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20 Nov 2007 : Column 688Wcontinued
Mike Penning: To ask the Solicitor-General how many unduly lenient sentences she referred to the Court of Appeal in each of the last five years. 
The Solicitor-General: The Attorney-Generals Office publishes annual statistics on unduly lenient sentence references on its website
The following table shows the number of offenders whose sentences were referred to the Court of Appeal as unduly lenient, the number of offenders whose references were subsequently withdrawn and the number of offenders who were therefore brought before the Court of Appeal in each of the last five years for which full statistics have been published.
|Offenders referred to Court of Appeal||Withdrawn references||Offenders brought to the Court of Appeal|
Dr. Cable: To ask the Secretary of State for Northern Ireland what departmental assets are planned to be sold in each financial year from 2007-08 to 2010-11; what the (a) description and (b) book value of each such asset is; what the expected revenue from each such sale is; and if he will make a statement. 
Mr. Woodward: The following table illustrates the Northern Ireland Offices assets (excluding its Agencies and Executive NDPBs) which are planned to be sold in each financial year from 2007-08 to 2010-11.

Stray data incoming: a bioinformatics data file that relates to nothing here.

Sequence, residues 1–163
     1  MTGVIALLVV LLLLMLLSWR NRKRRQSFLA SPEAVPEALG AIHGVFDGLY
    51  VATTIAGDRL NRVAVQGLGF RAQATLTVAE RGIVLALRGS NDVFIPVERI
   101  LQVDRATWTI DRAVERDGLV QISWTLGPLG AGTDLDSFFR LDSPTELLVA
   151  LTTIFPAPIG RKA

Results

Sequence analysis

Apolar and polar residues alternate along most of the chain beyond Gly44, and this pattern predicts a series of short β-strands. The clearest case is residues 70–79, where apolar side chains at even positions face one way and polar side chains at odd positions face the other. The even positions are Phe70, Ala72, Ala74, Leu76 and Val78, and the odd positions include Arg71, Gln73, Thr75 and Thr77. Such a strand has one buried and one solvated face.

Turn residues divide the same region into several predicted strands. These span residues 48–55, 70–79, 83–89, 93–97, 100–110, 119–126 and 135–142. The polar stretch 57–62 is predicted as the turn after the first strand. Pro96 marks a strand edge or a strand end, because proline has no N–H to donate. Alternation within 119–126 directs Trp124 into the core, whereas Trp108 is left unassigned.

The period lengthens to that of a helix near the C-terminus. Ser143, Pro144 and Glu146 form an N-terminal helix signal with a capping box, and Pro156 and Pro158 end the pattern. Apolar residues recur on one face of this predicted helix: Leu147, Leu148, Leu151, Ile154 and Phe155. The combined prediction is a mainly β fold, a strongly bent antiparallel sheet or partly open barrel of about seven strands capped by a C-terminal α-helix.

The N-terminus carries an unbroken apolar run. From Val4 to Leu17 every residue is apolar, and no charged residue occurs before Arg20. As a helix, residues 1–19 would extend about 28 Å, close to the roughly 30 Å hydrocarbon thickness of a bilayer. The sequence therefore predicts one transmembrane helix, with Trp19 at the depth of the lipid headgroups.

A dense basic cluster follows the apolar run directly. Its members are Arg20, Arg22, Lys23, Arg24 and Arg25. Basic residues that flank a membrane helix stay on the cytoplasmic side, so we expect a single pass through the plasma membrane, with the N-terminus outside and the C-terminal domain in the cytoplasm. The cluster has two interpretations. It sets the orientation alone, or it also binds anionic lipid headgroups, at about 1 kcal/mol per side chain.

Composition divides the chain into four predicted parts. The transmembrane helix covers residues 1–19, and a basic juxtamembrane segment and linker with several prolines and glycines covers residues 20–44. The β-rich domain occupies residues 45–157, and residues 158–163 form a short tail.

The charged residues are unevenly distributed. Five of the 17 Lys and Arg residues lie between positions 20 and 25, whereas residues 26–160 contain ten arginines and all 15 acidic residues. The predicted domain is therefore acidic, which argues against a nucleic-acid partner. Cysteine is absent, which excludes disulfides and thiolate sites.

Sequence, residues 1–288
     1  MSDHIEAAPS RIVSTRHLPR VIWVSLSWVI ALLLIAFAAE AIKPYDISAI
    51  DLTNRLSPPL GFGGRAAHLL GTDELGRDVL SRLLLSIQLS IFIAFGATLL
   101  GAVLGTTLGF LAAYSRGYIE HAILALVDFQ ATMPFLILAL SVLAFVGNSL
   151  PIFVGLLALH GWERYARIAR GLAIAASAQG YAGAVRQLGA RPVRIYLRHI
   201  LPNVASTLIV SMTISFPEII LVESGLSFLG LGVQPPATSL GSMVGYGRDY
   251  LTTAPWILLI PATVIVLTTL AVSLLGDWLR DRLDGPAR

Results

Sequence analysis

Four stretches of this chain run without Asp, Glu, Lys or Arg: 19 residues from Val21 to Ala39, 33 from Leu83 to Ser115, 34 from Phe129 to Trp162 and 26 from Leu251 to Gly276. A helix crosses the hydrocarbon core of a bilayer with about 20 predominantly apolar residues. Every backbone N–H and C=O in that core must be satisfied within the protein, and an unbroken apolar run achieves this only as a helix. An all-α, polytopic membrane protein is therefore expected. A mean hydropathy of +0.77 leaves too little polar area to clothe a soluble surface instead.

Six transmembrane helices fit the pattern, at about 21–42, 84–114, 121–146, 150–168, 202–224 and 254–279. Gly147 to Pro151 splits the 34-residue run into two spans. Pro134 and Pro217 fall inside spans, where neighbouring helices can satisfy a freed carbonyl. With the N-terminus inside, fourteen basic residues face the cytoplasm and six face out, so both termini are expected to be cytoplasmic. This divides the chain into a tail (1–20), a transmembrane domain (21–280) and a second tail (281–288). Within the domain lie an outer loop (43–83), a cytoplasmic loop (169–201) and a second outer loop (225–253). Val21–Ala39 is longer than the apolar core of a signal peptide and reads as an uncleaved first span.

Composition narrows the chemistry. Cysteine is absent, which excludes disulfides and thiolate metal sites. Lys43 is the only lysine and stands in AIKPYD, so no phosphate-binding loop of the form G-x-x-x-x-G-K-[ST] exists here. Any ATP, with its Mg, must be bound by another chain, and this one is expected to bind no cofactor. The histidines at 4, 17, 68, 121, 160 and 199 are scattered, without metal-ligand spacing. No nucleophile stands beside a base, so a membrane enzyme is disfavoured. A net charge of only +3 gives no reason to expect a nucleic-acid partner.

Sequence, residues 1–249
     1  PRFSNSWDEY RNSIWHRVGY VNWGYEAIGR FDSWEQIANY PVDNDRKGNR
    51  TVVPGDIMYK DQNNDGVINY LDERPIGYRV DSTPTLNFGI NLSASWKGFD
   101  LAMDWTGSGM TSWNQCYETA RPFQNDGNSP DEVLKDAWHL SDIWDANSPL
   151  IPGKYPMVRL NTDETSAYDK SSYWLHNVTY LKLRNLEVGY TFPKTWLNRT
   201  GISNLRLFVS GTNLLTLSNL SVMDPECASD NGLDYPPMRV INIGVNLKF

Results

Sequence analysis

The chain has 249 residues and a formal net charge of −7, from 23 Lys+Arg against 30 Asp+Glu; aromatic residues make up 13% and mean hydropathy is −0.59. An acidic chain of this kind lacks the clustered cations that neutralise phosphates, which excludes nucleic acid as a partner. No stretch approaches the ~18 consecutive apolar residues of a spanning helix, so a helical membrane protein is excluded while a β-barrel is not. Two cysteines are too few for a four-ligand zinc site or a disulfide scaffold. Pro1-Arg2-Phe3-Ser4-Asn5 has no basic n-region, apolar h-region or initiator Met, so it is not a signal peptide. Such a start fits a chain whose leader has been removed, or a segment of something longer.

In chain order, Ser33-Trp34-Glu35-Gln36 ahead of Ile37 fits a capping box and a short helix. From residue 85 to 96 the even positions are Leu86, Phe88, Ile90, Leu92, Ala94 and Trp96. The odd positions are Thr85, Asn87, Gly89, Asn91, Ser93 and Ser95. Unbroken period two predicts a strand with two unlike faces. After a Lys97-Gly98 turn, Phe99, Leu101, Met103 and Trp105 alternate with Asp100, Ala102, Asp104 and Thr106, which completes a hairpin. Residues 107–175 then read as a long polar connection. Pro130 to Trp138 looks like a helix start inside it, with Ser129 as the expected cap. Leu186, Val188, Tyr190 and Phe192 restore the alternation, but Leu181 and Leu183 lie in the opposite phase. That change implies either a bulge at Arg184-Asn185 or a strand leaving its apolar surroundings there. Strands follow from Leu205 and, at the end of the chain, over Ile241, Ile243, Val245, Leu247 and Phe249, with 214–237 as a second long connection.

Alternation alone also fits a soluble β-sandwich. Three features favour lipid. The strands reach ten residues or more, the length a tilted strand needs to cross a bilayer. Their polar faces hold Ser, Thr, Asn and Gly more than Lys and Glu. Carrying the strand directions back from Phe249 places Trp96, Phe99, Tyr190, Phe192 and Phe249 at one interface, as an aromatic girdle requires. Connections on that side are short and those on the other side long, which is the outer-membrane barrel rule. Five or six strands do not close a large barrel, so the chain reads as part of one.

|Description of asset||Net book value (NBV) at 30 September 2007||2007-08 Actual/expected revenue||( 3) 2008-09 to 2010-11 expected revenue|
|(1) The addresses of residential properties have not been provided for security reasons.|
(2) The expected revenue of residential properties disposed of in 2007-08 is based on the proceeds received to date, plus the forecast receipts for the remainder of the year.
(3) For the planned disposals in the years 2008-09 to 2010-11 it is assumed that assets will be sold at their net book value. The Department is still finalising details of the actual year each property will be sold in, a breakdown of these annual figures will be provided in the Departments CSR07 Asset management Strategy which is due to be published in December 2007.
Dr. Cable: To ask the Secretary of State for Northern Ireland what efficiency savings projects his Department put in place under the Spending Review 2004 targets; on what date each was initiated; how much each was expected to contribute to the target; how much was saved by each; and if he will make a statement.